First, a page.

KING: If his numbers stay up, not only does it help Hillary Clinton. It may force the Republicans to negotiate.

MARTIN: Absolutely.

KING: Right now they're saying, "No, no, no, no, no." It was interesting Molly, we had not seen Hillary Clinton in more than a month. She came out the day after the State of the Union.

Here she is in Canada. Again I think I've said this before. I'm not sure how many electoral votes Winnipeg, Canada gets in our presidential election. But that's where she was scheduled to be. And here she is essentially embracing the President's middle class message. I'll add the "but" after.

(BEGIN VIDEO CLIP)

CLINTON: There's so much more to do to bring security and possibility to families struggling with stagnant wages and sinking hopes, to restore comedy and cooperation to our politics, to restore committee and cooperation to our politics, to reform our broken immigration system, to restitch the fraying fabric of American life.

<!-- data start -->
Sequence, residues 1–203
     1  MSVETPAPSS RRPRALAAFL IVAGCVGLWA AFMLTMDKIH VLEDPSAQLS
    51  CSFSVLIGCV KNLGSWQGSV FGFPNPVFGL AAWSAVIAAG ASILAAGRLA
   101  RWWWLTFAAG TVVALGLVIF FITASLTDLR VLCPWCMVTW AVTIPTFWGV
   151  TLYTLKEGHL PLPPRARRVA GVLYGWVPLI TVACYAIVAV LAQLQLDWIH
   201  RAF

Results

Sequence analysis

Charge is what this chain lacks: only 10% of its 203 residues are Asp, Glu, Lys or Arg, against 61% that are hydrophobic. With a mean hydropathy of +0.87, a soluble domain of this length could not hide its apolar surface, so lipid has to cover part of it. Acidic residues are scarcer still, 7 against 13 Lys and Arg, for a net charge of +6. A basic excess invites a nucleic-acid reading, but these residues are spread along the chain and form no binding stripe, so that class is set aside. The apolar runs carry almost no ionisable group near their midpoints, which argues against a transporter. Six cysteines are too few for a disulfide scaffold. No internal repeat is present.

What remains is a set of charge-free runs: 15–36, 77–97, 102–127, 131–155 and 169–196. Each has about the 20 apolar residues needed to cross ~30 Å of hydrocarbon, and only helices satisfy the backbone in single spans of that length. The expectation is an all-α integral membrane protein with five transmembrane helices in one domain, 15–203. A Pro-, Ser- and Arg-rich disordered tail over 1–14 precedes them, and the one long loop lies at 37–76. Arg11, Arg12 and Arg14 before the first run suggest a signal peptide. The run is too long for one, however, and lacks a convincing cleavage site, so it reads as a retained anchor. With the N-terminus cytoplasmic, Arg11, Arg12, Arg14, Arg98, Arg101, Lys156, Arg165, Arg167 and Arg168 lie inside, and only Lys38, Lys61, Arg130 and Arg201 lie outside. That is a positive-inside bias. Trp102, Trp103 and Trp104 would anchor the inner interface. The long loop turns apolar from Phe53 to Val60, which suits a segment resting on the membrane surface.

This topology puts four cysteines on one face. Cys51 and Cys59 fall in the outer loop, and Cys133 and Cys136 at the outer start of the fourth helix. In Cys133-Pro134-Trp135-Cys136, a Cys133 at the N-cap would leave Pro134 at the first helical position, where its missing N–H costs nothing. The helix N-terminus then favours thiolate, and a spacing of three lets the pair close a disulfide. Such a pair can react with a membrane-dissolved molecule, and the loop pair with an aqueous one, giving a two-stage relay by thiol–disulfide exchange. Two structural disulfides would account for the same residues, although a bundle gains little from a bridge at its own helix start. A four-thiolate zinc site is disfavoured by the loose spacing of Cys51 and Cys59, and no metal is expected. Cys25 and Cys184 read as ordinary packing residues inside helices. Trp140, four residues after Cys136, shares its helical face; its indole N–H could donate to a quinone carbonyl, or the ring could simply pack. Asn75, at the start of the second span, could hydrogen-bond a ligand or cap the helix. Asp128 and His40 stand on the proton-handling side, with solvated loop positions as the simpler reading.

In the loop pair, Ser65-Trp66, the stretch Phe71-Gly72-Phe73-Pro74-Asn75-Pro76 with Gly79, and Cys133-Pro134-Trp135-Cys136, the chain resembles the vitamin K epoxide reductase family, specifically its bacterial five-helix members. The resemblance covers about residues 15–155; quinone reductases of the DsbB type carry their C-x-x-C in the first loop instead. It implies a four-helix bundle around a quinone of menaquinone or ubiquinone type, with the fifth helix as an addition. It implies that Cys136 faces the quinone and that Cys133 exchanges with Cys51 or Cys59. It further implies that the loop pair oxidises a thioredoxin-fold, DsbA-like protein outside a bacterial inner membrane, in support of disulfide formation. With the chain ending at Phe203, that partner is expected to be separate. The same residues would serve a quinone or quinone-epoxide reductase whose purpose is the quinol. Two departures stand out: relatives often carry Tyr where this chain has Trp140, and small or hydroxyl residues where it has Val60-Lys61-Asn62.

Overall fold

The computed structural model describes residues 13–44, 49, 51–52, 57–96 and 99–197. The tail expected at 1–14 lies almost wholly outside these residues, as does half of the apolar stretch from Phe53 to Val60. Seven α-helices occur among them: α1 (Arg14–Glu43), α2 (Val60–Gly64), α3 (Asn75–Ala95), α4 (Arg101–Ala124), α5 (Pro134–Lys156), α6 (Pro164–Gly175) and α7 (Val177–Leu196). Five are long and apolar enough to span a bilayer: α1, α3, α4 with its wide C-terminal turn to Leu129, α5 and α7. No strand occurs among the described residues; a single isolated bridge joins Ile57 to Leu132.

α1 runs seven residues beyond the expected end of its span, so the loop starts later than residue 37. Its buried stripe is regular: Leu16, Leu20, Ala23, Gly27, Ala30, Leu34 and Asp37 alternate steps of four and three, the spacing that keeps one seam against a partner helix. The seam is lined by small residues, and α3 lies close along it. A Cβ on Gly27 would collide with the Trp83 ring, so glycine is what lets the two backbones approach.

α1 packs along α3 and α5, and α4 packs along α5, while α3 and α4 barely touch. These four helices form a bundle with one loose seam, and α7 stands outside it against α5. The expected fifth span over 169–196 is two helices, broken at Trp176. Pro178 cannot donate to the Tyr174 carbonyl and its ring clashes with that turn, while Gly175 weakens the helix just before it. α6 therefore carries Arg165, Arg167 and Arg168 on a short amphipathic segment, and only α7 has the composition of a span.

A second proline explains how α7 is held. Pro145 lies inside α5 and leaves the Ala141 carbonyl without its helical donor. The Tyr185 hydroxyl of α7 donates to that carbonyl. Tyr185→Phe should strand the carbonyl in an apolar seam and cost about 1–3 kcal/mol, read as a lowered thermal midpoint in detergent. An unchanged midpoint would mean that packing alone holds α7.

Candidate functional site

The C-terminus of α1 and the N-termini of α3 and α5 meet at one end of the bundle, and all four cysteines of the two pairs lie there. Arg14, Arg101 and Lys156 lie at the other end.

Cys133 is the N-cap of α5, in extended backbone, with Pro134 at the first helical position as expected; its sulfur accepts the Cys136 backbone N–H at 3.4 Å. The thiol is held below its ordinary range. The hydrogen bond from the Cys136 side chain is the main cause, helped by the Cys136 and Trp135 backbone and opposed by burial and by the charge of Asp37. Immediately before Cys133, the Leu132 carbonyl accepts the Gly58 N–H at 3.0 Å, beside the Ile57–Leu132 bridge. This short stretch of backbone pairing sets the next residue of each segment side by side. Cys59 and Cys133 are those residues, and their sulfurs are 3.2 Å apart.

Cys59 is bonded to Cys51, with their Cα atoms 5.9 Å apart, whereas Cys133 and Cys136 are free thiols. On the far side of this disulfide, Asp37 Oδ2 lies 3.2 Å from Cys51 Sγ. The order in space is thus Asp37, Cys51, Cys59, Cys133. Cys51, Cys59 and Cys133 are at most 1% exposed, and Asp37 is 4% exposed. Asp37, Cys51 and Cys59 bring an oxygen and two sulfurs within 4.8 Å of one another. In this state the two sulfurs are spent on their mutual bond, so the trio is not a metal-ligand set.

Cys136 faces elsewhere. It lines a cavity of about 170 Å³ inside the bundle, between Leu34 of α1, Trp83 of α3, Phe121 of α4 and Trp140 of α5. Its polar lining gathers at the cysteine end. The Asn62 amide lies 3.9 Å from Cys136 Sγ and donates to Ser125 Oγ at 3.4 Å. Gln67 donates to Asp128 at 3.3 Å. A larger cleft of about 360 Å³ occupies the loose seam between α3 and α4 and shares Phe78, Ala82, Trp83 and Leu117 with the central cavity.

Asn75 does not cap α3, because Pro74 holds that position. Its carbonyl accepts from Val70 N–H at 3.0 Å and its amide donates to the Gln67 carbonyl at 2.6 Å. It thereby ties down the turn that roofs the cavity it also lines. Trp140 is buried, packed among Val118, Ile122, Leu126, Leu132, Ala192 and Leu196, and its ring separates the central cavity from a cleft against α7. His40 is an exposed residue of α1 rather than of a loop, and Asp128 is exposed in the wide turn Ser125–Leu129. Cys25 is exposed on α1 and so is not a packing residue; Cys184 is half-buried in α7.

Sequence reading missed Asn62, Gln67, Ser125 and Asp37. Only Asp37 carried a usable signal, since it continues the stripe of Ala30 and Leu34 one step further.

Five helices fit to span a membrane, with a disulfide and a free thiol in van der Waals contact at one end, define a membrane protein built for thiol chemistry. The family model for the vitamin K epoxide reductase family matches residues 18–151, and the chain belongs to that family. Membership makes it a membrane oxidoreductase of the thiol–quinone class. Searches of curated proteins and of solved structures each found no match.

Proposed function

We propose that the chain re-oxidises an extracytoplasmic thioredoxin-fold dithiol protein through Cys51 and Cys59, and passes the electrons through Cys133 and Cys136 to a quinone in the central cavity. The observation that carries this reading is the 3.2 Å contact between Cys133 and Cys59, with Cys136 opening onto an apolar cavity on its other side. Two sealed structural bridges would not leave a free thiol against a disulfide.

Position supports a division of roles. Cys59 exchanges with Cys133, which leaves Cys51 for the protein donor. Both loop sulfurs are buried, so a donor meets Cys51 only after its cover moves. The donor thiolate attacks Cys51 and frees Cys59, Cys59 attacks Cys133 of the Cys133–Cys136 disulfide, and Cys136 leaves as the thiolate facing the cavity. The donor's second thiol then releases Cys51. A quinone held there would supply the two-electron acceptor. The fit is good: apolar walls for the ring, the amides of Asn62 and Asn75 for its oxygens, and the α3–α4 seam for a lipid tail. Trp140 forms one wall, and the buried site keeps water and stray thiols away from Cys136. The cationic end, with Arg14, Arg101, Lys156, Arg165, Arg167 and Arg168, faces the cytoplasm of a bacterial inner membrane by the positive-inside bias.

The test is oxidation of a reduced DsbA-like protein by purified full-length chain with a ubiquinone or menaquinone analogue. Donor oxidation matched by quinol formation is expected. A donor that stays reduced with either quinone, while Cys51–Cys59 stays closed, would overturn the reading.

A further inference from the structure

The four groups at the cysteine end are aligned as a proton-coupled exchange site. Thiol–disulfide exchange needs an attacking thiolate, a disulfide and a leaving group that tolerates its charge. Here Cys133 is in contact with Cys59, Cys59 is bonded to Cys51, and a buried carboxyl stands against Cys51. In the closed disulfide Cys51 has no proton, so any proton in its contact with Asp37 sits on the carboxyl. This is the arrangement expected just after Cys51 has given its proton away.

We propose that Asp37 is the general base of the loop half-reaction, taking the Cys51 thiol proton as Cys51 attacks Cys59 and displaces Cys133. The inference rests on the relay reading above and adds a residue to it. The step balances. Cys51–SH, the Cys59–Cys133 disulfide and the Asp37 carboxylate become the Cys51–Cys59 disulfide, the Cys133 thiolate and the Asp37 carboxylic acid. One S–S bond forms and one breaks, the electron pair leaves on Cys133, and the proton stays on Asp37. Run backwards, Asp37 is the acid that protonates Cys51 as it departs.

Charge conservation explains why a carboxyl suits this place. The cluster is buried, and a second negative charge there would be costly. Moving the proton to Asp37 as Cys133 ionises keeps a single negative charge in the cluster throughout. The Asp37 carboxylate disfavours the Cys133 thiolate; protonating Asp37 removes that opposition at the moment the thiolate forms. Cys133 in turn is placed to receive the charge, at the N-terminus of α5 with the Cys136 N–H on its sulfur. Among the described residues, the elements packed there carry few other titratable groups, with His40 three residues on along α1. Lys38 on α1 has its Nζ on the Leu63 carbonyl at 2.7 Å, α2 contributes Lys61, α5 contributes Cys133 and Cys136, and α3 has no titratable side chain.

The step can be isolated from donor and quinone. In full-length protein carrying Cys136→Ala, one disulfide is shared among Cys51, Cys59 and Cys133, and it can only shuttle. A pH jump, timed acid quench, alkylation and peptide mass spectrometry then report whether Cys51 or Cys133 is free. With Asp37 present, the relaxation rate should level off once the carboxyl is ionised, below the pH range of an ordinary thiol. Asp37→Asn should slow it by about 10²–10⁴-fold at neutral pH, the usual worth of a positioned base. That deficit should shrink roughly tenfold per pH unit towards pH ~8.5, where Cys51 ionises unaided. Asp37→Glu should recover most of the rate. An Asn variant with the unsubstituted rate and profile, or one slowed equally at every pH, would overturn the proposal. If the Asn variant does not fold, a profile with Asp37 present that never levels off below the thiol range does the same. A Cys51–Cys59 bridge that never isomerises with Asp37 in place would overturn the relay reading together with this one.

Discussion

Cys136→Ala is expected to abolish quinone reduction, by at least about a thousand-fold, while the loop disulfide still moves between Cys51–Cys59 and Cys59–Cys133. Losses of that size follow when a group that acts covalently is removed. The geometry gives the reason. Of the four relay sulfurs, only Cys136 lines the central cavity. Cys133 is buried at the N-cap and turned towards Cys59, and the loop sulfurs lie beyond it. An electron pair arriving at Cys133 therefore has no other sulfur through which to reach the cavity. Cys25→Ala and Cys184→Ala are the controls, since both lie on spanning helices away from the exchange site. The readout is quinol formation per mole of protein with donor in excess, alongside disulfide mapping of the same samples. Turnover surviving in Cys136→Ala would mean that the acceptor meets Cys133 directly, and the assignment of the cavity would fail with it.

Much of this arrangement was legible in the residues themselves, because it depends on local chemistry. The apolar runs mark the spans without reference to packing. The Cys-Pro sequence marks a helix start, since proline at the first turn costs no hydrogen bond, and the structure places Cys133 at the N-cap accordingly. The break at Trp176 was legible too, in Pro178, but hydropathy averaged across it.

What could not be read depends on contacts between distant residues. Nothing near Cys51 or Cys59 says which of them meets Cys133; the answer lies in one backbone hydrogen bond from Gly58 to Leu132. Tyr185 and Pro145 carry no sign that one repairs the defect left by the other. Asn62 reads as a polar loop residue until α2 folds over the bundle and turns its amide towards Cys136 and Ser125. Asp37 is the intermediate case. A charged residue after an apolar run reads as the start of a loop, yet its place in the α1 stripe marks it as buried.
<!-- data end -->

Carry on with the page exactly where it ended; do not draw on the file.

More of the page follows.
(END VIDEO CLIP)

KING: A lot to talk about here. But let's start with this. A lot of people had said during this month off. Is she working on her rationale to be president? Is she working on making a case that I'm not the past but I have experience that can lead us into the future?

BALL: And we still need to hear I think from Hillary Clinton, a coherent case to that end. And she has been in this tough position where because she's not officially a candidate it's been hard for her to make that pitch.

I was actually surprised by how sort of noncommittal she was in talking directly about the State of the Union. She sort of said the middle class is a good thing and I'm glad Obama is talking about it, which is like as non endorsement an endorsement as you can get.

One of our writers, David Fromm had a perceptive piece saying that he thinks Obama is trying to box Hillary in. That by taking a very aggressively liberal platform in his last couple of years in office, he's trying to push her to the left and make sure that she can't do the Clinton thing and sort of triangulate, and run to the center and get all of her corporate cronies on board in her election. Particularly if she doesn't have any competition in the Democratic field, any meaningful competition, who else is going to do that? Who else can make her say the kinds of things that like an Elizabeth Warren potentially or the Democratic base would want her to say in terms of actually making commitments on the issues the left cares about.